Spurlock Museum showcases drag glamour


Brigida Dockus

A Drag queen mannequin stands tall at the Spurlock Museum for the drag queen exhibit on Sept. 26. The exhibition, In Her Closet: How To Make a Drag Queen, puts up various of drag queens’ costumes and materials used by drag queens who are connected to the Champaign area, and gives deeper insight into why queens get involved with drag in the first place and what influences their style.

By Ken Xia, Contributing Writer

The Spurlock Museum is home to several ethnographic artifacts and keepsakes; however, until recently, the museum has been hosting an exhibition about drag queens. The exhibition, In Her Closet: How To Make a Drag Queen, puts up various  costumes and materials used by drag queens who are connected to the Champaign-Urbana area and discuss the questions such as, “How do drag queens get ‘that look?’” and “Is it just her attitude and fierceness, or is there strategy and intentional craft involved?”

Local and international drag queens made contributions to this exhibition. Since its opening, it has attracted various grioups of students and staff to come and learn more about drag queens and their community. Even though drag culture can be an unknown territory for most of the audiences, most participants are still willing to know more about them and the community as a whole.

One of the main purposes of the exhibition is to show the concept of drag costumes and how they are made. One of the challenges is to “make costumes out of cheap things and make them look glamorous.” Most of the jewelry, such as bracelets and necklaces, is made out of duct tape with crystals stuck on them.  As for the costumes themselves, some of the drag queens go thrift shopping or receive donations.

However, making costumes on a low-budget doesn’t seem to diminish the glamour. As shown in the exhibition, all the drag queen costumes have bright, bold colors and even movable objects. On drag queen Sharon ShareAlike’s costume “Monster,” there are two movable eyes that can be controlled while wearing the costume, and on queen Gioconda’s costume “The Great Empress of the Soviet Empire”, there is a shiny globe on top that can move around.

“I have very sophisticated costumes,” Gioconda said.  “There’s a lot of light and mechanical effects.”

Other than costumes, the exhibition gives deeper insight into why the queens got involved with drag in the first place and what influences their styles.

“I started thinking about gender performance during a queer community retreat my last year in undergrad,” said performance artist Maria Arte Susya Purisima Tolentino, who uses drag to analyze media representations.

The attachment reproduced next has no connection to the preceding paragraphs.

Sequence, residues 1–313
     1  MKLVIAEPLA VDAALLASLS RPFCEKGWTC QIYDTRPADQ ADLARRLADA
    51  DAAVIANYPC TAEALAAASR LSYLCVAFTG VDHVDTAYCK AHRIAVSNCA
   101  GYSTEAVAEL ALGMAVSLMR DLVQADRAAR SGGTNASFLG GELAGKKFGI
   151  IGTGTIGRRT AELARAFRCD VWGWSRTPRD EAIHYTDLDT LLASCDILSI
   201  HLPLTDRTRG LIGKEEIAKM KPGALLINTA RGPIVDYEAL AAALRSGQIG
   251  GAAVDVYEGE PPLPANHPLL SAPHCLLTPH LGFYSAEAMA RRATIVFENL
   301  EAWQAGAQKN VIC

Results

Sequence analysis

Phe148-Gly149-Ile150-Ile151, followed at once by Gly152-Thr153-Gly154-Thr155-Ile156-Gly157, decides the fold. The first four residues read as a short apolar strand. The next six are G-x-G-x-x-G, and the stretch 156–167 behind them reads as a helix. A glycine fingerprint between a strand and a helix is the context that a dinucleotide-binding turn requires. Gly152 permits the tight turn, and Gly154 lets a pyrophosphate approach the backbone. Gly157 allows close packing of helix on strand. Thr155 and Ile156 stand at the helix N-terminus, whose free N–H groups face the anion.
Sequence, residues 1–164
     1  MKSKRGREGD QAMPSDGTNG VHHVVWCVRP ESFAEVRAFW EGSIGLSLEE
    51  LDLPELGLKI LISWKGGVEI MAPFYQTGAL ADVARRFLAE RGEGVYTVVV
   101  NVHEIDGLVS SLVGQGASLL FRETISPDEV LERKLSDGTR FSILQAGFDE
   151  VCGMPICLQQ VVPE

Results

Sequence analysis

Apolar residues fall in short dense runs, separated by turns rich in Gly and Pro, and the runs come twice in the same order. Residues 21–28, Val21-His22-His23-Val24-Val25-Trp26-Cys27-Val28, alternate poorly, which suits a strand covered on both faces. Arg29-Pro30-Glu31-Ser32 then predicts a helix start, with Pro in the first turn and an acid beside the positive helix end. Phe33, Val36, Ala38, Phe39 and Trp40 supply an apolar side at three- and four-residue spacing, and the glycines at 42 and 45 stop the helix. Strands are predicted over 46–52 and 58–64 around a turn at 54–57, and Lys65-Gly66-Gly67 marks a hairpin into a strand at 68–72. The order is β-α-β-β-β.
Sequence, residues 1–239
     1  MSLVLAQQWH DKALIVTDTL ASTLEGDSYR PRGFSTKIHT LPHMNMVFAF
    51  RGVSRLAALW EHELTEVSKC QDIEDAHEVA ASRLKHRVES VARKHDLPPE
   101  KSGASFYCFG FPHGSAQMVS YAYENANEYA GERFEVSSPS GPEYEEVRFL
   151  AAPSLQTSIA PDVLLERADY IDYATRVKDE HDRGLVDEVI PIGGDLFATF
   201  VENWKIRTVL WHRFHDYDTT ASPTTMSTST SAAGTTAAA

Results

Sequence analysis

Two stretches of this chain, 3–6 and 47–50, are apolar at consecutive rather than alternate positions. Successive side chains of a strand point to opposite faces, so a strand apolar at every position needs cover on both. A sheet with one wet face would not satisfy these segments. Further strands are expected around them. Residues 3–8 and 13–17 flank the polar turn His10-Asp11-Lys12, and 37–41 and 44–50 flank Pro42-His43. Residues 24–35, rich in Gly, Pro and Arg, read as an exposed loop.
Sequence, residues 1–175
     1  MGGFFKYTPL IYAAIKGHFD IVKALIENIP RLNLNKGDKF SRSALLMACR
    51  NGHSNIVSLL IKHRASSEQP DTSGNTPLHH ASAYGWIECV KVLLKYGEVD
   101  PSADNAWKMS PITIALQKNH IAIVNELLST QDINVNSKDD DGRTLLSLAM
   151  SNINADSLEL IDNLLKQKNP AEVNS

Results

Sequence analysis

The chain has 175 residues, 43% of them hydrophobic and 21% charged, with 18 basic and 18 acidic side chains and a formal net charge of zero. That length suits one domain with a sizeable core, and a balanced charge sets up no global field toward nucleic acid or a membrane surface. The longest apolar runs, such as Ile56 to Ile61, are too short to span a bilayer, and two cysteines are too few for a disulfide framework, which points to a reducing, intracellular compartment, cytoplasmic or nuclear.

“I remember taking my mom’s bedsheets and tying them into different designs around my body,” she said.

Some of the drag queens put on costumes related to their nationalities. On Gioconda’s costume, Russian symbols represent where he is from.

Other than Gioconda, Tolentino also works the same way in representing the Philippines.

“The complex lives of gay Filipinos dealing with everyday struggles, discrimination and legibility against social norms and limiting categories,” Tolentino said. “My drag style, looks and ideas serve to highlight the lives of Filipinas, the women (who) inspire my own concept of strong femininity.”

Paul Michael Leonardo Atienza, a doctoral candidate in LAS, also works as an adviser for the exhibition. He explained why campus is holding exhibition and future thoughts for the community.

Atienza said he and a co-curator, John Musser, started to work on the exhibition in April about the drag queen costume which gave them this idea two years ago.

“We decided to do an exhibit that focused on the local community of drag performers, and what it means for the performer, what the clothing means for the performer,” he said. “We want to show that there is a long history of performers here in Champaign by doing this exhibit.”

This exhibition is one of a kind on campus and Atienza hopes it will bring exceptional meanings to the students, campus and the community as a whole.

“I hope that this starts a conversation about the long history that we have here in Champaign-Urbana, to show that drag queens have a rich understanding,” Atienza said. “To think about what they are wearing (is) not just about being beautiful, but it is also about sharing a story through performance and through clothing.”

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